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JOURNAL ARTICLE

Cervical spine motion in manual versus Jackson table turning methods in a cadaveric global instability model

Matthew J DiPaola, Christian P DiPaola, Bryan P Conrad, MaryBeth Horodyski, Gianluca Del Rossi, Andrew Sawers, David Bloch, Glenn R Rechtine
Journal of Spinal Disorders & Techniques 2008, 21 (4): 273-80
18525488

STUDY DESIGN: A study of spine biomechanics in a cadaver model.

OBJECTIVE: To quantify motion in multiple axes created by transfer methods from stretcher to operating table in the prone position in a cervical global instability model.

SUMMARY OF THE BACKGROUND DATA: Patients with an unstable cervical spine remain at high risk for further secondary injury until their spine is adequately surgically stabilized. Previous studies have revealed that collars have significant, but limited benefit in preventing cervical motion when manually transferring patients. The literature proposes multiple methods of patient transfer, although no one method has been universally adopted. To date, no study has effectively evaluated the relationship between spine motion and various patient transfer methods to an operating room table for prone positioning.

METHODS: A global instability was surgically created at C5-6 in 4 fresh cadavers with no history of spine pathology. All cadavers were tested both with and without a rigid cervical collar in the intact and unstable state. Three headrest permutations were evaluated Mayfield (SM USA Inc), Prone View (Dupaco, Oceanside, CA), and Foam Pillow (OSI, Union City, CA). A trained group of medical staff performed each of 2 transfer methods: the "manual" and the "Jackson table" transfer. The manual technique entailed performing a standard rotation of the supine patient on a stretcher to the prone position on the operating room table with in-line manual cervical stabilization. The "Jackson" technique involved sliding the supine patient to the Jackson table (OSI, Union City, CA) with manual in-line cervical stabilization, securing them to the table, then initiating the table's lock and turn mechanism and rotating them into a prone position. An electromagnetic tracking device captured angular motion between the C5 and C6 vertebral segments. Repeated measures statistical analysis was performed to evaluate the following conditions: collar use (2 levels), headrest (3 levels), and turning technique (2 levels).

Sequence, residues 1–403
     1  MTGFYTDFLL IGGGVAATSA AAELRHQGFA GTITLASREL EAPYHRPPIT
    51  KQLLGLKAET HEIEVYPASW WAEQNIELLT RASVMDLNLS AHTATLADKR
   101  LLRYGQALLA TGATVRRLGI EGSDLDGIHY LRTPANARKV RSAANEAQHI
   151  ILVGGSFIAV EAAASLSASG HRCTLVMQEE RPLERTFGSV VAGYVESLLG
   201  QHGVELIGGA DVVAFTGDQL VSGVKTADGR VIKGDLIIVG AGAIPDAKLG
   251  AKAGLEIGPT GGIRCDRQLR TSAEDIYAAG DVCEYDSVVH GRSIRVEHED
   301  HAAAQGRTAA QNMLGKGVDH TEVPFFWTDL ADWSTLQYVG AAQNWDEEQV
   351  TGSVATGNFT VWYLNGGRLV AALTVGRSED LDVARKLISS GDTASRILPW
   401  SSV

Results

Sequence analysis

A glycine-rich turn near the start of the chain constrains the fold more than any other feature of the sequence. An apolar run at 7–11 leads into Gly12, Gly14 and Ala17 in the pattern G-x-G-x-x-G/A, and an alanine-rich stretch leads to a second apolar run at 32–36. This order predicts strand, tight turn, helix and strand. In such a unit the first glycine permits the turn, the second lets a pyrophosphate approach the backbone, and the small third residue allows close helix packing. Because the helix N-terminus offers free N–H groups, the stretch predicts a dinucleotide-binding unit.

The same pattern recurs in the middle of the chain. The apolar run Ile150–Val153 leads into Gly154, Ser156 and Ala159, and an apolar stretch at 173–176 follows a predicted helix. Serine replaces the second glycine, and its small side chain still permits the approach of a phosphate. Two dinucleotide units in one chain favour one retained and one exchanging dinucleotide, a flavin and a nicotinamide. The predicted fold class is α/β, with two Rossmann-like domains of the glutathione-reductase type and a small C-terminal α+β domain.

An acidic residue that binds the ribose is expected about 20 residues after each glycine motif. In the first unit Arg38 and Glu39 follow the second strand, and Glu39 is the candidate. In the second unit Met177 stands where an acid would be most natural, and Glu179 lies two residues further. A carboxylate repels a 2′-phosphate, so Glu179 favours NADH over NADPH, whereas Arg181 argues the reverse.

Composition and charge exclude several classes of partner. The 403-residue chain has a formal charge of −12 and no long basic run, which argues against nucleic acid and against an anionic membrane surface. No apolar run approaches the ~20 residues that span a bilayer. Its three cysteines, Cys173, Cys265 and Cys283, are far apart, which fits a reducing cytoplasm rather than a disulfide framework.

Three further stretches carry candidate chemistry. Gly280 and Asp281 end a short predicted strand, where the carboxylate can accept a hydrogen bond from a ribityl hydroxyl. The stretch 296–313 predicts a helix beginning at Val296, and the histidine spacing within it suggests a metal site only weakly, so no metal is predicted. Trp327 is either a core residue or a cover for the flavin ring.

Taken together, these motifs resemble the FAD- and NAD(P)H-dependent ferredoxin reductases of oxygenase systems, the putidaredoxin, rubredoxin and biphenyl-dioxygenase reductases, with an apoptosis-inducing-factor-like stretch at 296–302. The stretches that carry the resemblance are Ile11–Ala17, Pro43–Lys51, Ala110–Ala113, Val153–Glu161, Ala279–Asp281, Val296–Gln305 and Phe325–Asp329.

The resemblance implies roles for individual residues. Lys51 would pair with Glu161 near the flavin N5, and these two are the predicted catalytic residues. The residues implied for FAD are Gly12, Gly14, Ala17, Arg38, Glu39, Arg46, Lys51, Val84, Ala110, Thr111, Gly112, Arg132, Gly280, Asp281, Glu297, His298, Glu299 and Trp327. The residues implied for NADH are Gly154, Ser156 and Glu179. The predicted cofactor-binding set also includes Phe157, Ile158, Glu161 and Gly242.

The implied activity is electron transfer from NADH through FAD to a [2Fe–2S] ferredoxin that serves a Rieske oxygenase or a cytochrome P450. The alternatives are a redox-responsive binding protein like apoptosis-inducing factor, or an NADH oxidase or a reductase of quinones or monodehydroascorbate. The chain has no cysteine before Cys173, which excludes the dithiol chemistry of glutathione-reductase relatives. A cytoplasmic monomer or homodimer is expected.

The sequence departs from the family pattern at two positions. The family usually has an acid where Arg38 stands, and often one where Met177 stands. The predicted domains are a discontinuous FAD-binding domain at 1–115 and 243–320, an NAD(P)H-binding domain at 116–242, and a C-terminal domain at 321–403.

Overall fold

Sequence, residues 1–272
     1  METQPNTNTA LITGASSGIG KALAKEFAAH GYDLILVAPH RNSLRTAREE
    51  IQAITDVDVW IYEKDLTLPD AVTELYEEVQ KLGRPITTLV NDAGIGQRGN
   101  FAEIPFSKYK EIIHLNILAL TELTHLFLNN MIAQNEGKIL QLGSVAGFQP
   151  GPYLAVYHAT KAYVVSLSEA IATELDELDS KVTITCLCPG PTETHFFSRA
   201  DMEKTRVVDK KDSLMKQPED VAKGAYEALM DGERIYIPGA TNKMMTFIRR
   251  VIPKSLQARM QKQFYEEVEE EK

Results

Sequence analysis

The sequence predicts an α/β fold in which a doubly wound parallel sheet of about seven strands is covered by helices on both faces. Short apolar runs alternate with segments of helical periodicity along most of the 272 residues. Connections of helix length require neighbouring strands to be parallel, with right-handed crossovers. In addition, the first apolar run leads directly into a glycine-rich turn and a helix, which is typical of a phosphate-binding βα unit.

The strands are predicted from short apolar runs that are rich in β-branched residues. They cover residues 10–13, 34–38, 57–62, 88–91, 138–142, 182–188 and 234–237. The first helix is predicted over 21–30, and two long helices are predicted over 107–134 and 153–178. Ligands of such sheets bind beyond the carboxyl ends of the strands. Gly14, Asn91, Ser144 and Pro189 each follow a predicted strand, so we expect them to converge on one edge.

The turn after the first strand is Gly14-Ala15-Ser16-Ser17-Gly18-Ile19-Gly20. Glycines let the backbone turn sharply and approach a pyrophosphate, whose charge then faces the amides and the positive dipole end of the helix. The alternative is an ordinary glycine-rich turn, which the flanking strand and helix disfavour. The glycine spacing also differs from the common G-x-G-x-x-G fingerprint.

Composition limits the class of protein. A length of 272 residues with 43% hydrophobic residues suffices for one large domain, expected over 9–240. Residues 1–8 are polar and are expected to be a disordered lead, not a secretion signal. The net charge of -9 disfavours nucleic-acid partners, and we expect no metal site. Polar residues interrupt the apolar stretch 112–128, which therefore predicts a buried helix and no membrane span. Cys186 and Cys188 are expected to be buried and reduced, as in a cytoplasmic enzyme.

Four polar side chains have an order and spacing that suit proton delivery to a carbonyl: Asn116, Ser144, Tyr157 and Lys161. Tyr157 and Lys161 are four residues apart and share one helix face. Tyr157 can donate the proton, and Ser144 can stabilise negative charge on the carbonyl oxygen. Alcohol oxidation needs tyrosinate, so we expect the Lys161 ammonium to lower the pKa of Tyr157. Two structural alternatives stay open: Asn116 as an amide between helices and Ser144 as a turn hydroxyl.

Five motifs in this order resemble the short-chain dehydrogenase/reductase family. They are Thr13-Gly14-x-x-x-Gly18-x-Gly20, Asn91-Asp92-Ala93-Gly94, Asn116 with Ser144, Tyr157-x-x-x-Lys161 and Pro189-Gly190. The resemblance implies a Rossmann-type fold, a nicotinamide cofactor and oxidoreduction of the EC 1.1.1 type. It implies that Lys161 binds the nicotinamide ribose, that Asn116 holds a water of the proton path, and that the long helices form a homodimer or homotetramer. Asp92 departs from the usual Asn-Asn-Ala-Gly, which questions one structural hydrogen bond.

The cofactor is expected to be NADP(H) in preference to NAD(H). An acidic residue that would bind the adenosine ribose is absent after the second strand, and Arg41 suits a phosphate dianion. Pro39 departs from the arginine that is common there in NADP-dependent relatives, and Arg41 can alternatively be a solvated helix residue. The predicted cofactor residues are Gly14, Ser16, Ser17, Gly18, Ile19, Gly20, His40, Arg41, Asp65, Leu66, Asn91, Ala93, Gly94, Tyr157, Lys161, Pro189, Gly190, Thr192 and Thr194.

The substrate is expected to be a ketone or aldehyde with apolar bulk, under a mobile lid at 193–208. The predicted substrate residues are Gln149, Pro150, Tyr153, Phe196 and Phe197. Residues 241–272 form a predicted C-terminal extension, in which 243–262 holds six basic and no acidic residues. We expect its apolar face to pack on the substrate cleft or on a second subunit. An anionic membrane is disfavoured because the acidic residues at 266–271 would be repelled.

RESULTS: For all measures, there was significantly more cervical spine motion during manual prone positioning compared with using the Jackson table. The use of a collar provided a slight reduction in motion in all the planes of movement; however, this was only significantly different from the no collar condition in axial rotation. Differences in gross motion between the headrest type were observed in lateral bending (Foam Pillow<Prone View, P=0.045), medial lateral translation (Foam Pillow<Mayfield, P=0.032), and anterior posterior translation (Prone View<Mayfield, P=0.030).

CONCLUSIONS: The data suggest that the manual transfer technique produces 2 to 3 times more cervical spine angular motion than the Jackson table method of transfer. The use of a collar provides significant benefit in limiting spine motion that is only observed in axial rotation. Choice of headrest does have a significant effect on the amount of motion allowed during turning, with the Foam Pillow and Prone View generally providing more effective stabilization compared with the Mayfield.

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